Am I allowing this person to have control of my emotions and responses?
Is there another way that I can view this experience that would be helpful?
are tools I use in these situations.
Some who do mindfulness work feel that “difficult” people are a way to strengthen the practice of being aware and accepting of circumstances (which include the people we encounter). This is a way to re-frame the experience, focusing on growth opportunities.
What are the effects of doing mindfulness work with partial commitment?
Small amounts of meditation have been shown to impact the brain in positive ways. In addition, the simple practice of coming back to the breath throughout the day and pausing before responding to someone else have a lot of personal and interpersonal benefits. This takes only seconds.
As a bonus, as benefits grow, you are more likely to continue and deepen the practice as time goes on. Why do something if there is no benefit? Try it out and see how it goes.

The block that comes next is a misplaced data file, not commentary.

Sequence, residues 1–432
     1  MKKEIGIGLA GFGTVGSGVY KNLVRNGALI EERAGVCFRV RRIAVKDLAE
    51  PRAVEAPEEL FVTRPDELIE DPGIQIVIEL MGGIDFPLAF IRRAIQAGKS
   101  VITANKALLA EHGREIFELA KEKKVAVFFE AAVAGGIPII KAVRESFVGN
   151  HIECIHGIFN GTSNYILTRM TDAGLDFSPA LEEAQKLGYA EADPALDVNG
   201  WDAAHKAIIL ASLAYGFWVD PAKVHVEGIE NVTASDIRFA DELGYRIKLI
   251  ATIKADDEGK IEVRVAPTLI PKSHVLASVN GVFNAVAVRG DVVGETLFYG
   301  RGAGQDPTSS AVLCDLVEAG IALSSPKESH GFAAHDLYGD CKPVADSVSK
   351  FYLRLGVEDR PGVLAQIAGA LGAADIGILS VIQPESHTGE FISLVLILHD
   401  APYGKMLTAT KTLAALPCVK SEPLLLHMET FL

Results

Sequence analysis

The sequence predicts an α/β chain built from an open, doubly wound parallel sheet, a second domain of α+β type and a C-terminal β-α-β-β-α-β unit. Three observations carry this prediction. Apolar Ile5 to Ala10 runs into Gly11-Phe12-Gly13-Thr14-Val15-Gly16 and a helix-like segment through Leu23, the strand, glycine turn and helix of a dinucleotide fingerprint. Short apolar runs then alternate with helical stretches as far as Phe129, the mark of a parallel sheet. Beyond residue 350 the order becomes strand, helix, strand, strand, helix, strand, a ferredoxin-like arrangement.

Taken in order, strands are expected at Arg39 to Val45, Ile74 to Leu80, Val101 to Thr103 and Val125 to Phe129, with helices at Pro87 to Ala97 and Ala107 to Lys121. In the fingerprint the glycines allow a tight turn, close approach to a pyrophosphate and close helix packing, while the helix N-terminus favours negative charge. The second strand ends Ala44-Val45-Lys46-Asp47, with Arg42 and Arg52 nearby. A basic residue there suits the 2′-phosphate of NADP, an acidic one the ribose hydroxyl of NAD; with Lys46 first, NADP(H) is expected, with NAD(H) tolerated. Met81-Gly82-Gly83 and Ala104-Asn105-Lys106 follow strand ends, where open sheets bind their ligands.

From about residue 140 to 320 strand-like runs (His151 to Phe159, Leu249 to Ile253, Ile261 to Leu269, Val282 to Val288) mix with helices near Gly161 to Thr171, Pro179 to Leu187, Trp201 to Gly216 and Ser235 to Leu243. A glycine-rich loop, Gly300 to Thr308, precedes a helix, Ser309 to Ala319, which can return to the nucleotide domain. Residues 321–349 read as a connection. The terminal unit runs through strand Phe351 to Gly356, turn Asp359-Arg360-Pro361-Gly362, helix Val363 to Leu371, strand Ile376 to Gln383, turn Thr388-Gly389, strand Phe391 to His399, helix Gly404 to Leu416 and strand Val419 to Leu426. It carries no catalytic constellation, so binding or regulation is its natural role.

What is the purpose of “letting thoughts go”?
The practice of releasing thoughts has multiple benefits. Here are two favorites:
It’s empowering. If your brain is telling you something that rings untrue or isn’t life-giving for you, you can make a different choice. Letting go of thoughts helps us to understand that they don’t determine reality.
It facilitates full presence in the moment. While at first this can feel uncomfortable, it can also be a very enjoyable experience for many people in the long run. The most meaningful experiences for me as a teacher are when I hear stories of how people are able to “just play with their kids” or feel the breeze on their skin while they are walking- just a basic enjoyment of daily life through being more mindful.
This being said, thinking is (obviously) important. We all need processing time and the ability to think through problems. However, there are times when I just want to be present for what I am experiencing, and I am glad to have that choice because of some of the personal work that I have done.
What are the benefits to having inner silence?
See above. : )
Do you work with a community or activist group? How do you sustain yourself in difficult times and conditions? Please share!